Following early positions at Historic England and the British Museum, Vanessa Wells moved to hold a variety of roles at the National Lottery Heritage Fund. Initially working on grant awards for the North East and Major Grant awards, she moved to manage the Collecting Cultures programme and support the Fund’s policy work for the museum, library, and archive sectors. Having had a longstanding involvement in managing the National Heritage Memorial Fund, Vanessa is now Head of NHMF and this forms the focus of her work.
The NHMF has given grants for the acquisition of such a variety of objects and artworks. How do you choose what to support?
We do have such a huge variety of objects! Obviously, we take expert advice on all our applications, and we have a panel of experts who help to advise us on cases where we get early approaches before the application stage, to help us to assess and prioritise which are those nationally important items.
We support the whole range of heritage, from museum items and collections, archaeological artefacts, archives, and built heritage to natural heritage and land. To give some examples, one of our acquisitions that has been in the public eye recently is the 19th-century Gwrych Castle in North Wales, which was the filming location at the end of last year for the reality television series I’m a Celebrity… Get Me Out of Here! We supported that acquisition two years ago for the local trust who had been set up to safeguard the castle. We were so pleased that we were able to secure that, and the proceeds from the filming will really help the trust push forward with their longer-term plans for restoration and public access to the castle.
We fund industrial, maritime, and transport heritage, such as the acquisition of the locomotive the Flying Scotsman for the National Railway Museum in 2004. Rather more years ago, in some of our earliest grants starting in 1981, we funded the salvage, raising, and initial hull conservation of Henry VIII’s warship the Mary Rose.
There have also been many, many art acquisitions that we’ve helped fund, like Titian’s Diana and Actaeon for the National Gallery and the National Galleries of Scotland, and Picasso’s Weeping Woman for the Tate. We fund many items that have been saved from export. A recent example of that was the 16th-century miniature painting of the Spanish Armada, which we supported for National Museums Northern Ireland.
There’s land, too. One of my favourite recent land acquisitions was Skokholm island, off the south coast of Wales, which we supported for the Wildlife Trust of South and West Wales. It’s an exquisite island nature reserve that is particularly important for puffins.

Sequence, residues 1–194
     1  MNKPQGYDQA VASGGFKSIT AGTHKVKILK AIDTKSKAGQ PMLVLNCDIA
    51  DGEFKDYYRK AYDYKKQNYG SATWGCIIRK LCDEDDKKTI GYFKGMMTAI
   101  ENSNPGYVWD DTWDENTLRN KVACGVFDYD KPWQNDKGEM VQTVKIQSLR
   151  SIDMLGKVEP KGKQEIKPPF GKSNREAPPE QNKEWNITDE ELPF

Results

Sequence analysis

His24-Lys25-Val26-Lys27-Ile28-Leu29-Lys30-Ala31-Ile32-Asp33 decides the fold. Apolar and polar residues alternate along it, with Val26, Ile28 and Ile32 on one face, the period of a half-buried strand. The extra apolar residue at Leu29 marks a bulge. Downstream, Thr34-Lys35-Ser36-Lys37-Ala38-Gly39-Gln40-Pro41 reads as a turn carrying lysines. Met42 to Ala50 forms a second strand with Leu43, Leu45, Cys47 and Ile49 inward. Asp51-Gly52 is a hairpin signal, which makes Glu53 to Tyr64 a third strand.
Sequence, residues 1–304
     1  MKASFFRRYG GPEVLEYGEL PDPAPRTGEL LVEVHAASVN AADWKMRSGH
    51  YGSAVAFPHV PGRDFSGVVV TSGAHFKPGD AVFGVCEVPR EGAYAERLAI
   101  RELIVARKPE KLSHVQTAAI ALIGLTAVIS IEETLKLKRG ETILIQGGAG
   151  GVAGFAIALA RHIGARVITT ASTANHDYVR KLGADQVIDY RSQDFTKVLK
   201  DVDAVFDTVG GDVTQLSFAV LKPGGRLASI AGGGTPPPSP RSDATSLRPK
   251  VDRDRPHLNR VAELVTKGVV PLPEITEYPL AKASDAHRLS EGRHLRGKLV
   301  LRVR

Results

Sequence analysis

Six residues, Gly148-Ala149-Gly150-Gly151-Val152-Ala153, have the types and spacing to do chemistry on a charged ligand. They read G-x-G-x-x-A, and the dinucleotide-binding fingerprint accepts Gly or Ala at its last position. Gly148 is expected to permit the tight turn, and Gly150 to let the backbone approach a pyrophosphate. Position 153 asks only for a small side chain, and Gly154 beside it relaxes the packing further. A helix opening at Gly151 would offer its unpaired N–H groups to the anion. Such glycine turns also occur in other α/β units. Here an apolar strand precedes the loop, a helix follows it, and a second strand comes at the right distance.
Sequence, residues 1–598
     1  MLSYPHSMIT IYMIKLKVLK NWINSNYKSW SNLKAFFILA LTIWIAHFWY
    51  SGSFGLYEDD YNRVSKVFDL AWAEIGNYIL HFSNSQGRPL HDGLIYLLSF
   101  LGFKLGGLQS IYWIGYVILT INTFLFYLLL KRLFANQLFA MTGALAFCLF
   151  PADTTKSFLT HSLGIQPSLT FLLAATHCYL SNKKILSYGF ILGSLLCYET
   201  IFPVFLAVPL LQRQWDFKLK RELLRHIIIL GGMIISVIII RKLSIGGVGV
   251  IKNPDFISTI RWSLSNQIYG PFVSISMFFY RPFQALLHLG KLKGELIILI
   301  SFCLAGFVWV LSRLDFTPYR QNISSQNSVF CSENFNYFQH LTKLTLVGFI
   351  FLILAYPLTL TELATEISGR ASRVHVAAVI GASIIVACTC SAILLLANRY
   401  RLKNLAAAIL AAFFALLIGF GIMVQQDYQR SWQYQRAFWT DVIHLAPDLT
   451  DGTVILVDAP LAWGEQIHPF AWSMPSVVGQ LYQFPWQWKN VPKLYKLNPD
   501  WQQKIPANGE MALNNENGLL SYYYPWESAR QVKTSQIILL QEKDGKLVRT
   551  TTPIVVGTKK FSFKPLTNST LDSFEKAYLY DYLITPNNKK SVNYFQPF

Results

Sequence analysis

As you support nationally significant heritage, does this mean you work more with big national museums than with regional museums?
Increasingly, I would say we’re working very much with regional museums. Several things have influenced that. I think over the last ten years or so, there’s been an acceptance and an understanding from some of the bigger national museums of how important, how impactful those archaeological finds that are declared as Treasure are when they are owned by and displayed in their local area.
I think a good example of this was the Staffordshire Hoard. It’s an absolutely stunning find. It was a partnership acquisition between the Birmingham Museum and Art Gallery and the Potteries Museum and Art Gallery, which share the collection and display it between both museums. Millions of people visited both museums and exhibitions when the Hoard was first displayed, and it continues to be one of the most visited items in both of those museums. It’s a really good example of how much impact a find like that can have, really capturing the public interest as well as being a spectacular find in itself.
On a smaller scale, a similar Treasure acquisition was the East Cambridgeshire Torc, which we supported for Ely Museum back in about 2017. It is an exceptionally large torc, and although a single item, it is so evocative. It had a lot of press interest in trying to work out how it would have been used or worn. There were various ideas: that it could have been used to ornament a sacrificial animal or statue, or even that it could potentially have been worn by a pregnant woman, as some form of protection. When the museum reopened following refurbishment and showcased the torc, it had a tremendous impact for the museum. That’s one of the reasons why we’re really pleased that we have far more regional museums approaching us for acquisitions now than we did perhaps earlier in our history.
Have there been many changes in what types of items you are giving grants for?